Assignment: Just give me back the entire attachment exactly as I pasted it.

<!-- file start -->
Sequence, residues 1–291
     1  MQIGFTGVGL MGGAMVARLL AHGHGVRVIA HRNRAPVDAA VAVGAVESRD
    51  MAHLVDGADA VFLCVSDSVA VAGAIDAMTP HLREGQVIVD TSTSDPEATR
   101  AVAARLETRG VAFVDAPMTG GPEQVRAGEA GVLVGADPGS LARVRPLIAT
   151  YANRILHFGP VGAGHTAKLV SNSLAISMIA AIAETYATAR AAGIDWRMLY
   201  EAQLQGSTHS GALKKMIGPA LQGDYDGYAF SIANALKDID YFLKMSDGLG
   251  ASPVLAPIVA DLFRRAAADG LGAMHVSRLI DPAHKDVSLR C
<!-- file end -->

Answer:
Sequence, residues 1–291
     1  MQIGFTGVGL MGGAMVARLL AHGHGVRVIA HRNRAPVDAA VAVGAVESRD
    51  MAHLVDGADA VFLCVSDSVA VAGAIDAMTP HLREGQVIVD TSTSDPEATR
   101  AVAARLETRG VAFVDAPMTG GPEQVRAGEA GVLVGADPGS LARVRPLIAT
   151  YANRILHFGP VGAGHTAKLV SNSLAISMIA AIAETYATAR AAGIDWRMLY
   201  EAQLQGSTHS GALKKMIGPA LQGDYDGYAF SIANALKDID YFLKMSDGLG
   251  ASPVLAPIVA DLFRRAAADG LGAMHVSRLI DPAHKDVSLR C